Proposition B, placed on the ballot by Public Defender Jeff Adachi, lost 57.6 percent to 42.4 percent, according to complete unofficial results from the Department of Elections.
The measure could have saved the city an estimated $120 million annually, but public employee unions waged a fierce campaign to defeat it, arguing higher health care costs would hurt working families.
Another controversial item, Proposition L – which would ban sitting or lying on public sidewalks during daytime hours, with certain exceptions – was approved by voters by 53 percent.
The measure was backed by merchants, particularly in the Haight-Ashbury neighborhood, who complained of aggressive street youth harassing passersby.
Homeless advocates worry police will use the law to target all homeless people on the streets.
Police have said enforcement of the law would be complaint-driven. Violators could be cited if they fail to heed an initial warning from officers.
Proposition M, which would have required police to beef up their foot patrols and which also could have invalidated Proposition L if it received more votes, was rejected by 52 percent of voters.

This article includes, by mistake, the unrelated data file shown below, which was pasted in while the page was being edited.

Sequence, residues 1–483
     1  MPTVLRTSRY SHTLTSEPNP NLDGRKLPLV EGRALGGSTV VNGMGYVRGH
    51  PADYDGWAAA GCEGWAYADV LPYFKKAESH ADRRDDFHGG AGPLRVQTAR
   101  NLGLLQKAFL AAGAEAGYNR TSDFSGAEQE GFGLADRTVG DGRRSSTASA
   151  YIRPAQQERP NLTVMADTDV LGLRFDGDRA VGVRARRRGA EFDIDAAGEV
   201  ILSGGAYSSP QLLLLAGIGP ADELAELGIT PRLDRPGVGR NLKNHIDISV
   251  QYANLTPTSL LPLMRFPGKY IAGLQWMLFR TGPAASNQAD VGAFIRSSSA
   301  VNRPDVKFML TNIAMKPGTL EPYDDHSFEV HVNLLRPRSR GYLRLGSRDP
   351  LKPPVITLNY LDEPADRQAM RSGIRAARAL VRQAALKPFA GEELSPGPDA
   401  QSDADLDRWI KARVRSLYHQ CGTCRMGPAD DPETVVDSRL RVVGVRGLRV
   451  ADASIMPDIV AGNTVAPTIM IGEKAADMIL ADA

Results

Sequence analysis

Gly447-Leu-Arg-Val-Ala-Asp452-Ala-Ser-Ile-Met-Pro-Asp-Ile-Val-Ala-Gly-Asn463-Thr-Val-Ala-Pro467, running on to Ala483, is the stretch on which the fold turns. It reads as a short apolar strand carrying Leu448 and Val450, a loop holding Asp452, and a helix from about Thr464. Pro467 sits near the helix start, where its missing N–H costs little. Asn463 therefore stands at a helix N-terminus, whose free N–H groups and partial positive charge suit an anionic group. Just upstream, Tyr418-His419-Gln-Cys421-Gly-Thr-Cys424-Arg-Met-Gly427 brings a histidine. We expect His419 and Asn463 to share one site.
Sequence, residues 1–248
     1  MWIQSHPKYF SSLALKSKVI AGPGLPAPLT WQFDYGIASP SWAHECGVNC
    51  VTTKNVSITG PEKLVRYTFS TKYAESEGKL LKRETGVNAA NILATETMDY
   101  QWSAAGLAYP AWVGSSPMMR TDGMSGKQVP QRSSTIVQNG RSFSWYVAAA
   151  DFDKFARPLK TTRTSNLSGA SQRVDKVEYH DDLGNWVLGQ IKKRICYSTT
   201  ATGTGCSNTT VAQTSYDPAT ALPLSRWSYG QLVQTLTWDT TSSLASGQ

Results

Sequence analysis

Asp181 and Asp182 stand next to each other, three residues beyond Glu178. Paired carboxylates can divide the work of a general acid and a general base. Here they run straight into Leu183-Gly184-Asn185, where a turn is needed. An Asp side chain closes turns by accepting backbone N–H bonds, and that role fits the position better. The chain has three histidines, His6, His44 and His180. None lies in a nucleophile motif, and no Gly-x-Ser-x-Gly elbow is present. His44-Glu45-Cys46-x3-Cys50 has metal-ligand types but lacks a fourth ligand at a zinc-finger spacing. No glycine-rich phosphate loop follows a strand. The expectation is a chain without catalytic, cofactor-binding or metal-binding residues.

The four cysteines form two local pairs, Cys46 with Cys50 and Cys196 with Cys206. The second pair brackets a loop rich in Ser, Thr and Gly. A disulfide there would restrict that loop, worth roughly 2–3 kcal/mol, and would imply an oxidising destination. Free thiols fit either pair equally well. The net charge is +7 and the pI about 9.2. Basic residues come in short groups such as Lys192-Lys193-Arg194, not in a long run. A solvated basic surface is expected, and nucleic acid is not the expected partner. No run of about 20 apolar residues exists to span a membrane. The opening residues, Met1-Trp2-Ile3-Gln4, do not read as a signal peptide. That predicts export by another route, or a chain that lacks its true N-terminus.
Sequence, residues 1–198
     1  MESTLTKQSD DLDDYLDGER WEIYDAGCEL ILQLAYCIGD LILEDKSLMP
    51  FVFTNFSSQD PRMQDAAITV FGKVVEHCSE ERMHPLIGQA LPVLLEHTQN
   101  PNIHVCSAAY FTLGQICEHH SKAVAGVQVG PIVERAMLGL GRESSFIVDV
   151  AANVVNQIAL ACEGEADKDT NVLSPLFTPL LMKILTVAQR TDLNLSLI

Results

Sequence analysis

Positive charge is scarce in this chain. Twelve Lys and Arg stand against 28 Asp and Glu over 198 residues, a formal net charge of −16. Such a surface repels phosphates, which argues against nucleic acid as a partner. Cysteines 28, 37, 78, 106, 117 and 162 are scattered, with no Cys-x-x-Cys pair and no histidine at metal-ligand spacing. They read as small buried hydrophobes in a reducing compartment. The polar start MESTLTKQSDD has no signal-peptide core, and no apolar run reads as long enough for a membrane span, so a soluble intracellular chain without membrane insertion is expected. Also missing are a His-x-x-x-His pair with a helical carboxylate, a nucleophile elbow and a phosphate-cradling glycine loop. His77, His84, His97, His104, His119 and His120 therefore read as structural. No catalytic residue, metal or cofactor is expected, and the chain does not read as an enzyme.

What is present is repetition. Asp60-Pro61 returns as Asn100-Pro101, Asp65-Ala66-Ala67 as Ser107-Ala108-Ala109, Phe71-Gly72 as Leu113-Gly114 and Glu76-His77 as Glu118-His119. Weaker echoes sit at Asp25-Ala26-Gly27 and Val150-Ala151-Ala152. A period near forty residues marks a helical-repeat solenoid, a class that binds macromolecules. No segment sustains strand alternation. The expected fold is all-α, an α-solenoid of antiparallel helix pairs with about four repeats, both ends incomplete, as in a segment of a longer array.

Voters also rejected a proposed two-percent hike in hotel room tax rates, but approved raising the tax rate on the sale or leasing of real estate valued at $5 million or more.
A $46 million bond measure to finance earthquake retrofits on affordable housing in the city, which required a two-thirds vote to pass, lost narrowly.
Also losing was a measure that would have allowed non-citizen residents to vote in school district elections.
About 64 percent of voters approved Proposition G, eliminating a provision that Muni drivers be the second-highest-paid public transit operators in the country.
Ari Burack, Bay City News